Michael Daniel 9-13-2006 Sober – The Reliability Theory of Knowledge Theory: The following justification for knowledge has

issues with being relative to how the problem is stated: ‘S believes that p.’ ‘p is true.’ ‘In the circumstances that S occupies, if S believes that p, then p must be true.’ It is known as the reliability theory of knowledge. Sober begins with a quick review of Descartes. He says that Descartes believed that clear and distinct ideas are true. In Descartes argument there is a subjective premise, 2 linking premises and an objective conclusion. The subjective premise describes what is going on in the subject’s mind, ‘I believe that there is a page in front of me.’ The linking premises consist of the two statements after that. ‘My belief is clear and distinct,’ ‘Clear and distinct ideas are true.’ The objective conclusion is that, ‘There is a page in front of me.’ Descartes argument is that all knowledge is internally verifiable. The reliability theory of knowledge argues that knowledge is not internally verifiable. In this theory, knowledge requires a direct connection between the knower and their environment. The example used in the book deals with how we understand a thermometer. If a thermometer says that is 70 degrees in a room, the thermometer is correct given certain conditions. If the thermometer is broken, stuck or insulated in some manner then it would not be true. Given the circumstance that the thermometer is functional and not insulated then the thermometer is correct about the temperature. The argument for the reliability theory of knowledge is that, ‘S knows that p if and only if,’ ‘S believes that p,’ ‘p is true,’ ‘in the circumstances that S occupies, if S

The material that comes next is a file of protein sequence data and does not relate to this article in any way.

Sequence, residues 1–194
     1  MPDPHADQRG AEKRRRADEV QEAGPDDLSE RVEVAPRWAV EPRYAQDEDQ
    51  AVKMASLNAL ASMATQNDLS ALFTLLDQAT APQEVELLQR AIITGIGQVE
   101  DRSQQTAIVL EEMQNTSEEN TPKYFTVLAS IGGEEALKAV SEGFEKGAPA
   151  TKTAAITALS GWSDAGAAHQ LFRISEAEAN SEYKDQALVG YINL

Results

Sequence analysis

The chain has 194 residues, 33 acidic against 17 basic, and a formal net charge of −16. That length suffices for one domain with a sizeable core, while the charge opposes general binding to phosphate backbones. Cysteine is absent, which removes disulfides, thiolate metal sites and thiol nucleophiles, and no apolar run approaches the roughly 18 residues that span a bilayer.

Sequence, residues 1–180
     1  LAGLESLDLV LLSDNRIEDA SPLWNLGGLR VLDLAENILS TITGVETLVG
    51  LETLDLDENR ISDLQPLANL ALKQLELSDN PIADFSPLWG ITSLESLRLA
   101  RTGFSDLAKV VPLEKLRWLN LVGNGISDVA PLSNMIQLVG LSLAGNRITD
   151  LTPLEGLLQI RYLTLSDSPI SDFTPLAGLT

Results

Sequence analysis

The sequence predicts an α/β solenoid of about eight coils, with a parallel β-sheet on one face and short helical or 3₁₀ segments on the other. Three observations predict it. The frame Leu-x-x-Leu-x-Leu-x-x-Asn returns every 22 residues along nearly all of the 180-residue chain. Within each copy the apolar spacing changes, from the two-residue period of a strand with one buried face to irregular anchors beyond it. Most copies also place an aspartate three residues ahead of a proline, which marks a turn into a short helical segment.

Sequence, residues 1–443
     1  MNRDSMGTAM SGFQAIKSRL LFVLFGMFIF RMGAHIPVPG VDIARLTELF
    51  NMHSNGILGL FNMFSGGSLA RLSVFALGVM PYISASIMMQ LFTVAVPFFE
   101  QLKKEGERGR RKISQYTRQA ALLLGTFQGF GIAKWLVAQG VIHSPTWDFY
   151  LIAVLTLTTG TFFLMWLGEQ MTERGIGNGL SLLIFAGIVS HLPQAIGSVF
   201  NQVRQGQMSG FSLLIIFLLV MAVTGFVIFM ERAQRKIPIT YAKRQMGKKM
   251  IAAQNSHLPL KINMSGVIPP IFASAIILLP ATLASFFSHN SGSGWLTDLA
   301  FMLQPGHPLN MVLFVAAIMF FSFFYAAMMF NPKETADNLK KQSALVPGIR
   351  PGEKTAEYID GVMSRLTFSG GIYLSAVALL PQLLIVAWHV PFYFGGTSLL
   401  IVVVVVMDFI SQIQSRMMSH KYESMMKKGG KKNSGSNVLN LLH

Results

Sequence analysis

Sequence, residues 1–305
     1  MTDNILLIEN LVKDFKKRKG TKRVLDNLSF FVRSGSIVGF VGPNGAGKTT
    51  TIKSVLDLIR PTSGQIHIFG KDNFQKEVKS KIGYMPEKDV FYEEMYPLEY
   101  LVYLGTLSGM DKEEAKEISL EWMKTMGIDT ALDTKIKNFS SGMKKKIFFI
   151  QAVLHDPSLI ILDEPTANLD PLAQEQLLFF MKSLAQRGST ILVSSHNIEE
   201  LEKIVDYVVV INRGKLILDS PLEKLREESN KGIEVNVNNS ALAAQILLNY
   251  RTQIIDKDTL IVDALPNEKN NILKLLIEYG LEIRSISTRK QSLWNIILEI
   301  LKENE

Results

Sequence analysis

believes that p then p must be true.’ The third condition can also be restated in two different ways. The first is, ‘in the circumstances that S occupies, S wouldn’t believe that p unless p were true.’ The second is, ‘In the circumstances that S occupies, it is impossible that S believe that p and p be false.’ The reliability theory of knowledge does not require that a knower recognize that they have knowledge. There are 3 types of impossibility described in the book. There are a priori logical impossibilities, such as, “Joe can’t be a married bachelor.” There are physical impossibilities, such as, “Joe can’t go faster than the speed of light.” The third type of impossibility requires that we know something about the circumstances of the statement. “Joe can’t tie his shoes now,” is either true or false depending on what we know about Joe’s circumstances. Maybe his arms are full of bags so he can’t tie his shoes. That would make the statement true. Maybe the statement is saying that even if he put down the bags he can’t tie his shoes. That would make the statement false. The reliability theory works with relative statements a great deal. Slightly different statements about the same fact will be either true or false depending on how they are stated. For example, “There is a barn in that field” is true if the circumstances are that the viewer of the barn is in some specified location known to be free of fools barns. A fools barn is a movie set barn. There are no fools barns in Madison, WI, so if the subject were in that area the statement would be true. There are many fools barns in Hollywood so if the subject is in Hollywood then the statement does not pass for knowledge, since the circumstance is such that the subject could be mistaken. If it is stated that the subject is in the USA then the statement is still false, since they could still be in Hollywood.